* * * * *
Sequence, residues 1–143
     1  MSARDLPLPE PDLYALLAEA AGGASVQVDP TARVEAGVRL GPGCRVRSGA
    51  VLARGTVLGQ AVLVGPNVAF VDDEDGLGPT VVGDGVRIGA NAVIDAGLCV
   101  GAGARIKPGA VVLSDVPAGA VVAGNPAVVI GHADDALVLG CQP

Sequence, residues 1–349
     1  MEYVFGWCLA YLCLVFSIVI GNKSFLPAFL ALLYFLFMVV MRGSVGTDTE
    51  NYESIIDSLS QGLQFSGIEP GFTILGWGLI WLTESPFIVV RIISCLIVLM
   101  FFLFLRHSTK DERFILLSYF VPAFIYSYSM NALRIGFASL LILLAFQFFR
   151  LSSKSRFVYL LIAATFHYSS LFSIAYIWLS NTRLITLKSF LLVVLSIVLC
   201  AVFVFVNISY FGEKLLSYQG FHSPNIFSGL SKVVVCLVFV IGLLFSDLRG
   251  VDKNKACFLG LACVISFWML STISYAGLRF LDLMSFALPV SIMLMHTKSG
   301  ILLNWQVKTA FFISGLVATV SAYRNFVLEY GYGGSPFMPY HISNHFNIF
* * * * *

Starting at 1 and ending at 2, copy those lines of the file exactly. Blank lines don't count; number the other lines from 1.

Sequence, residues 1–143
     1  MSARDLPLPE PDLYALLAEA AGGASVQVDP TARVEAGVRL GPGCRVRSGA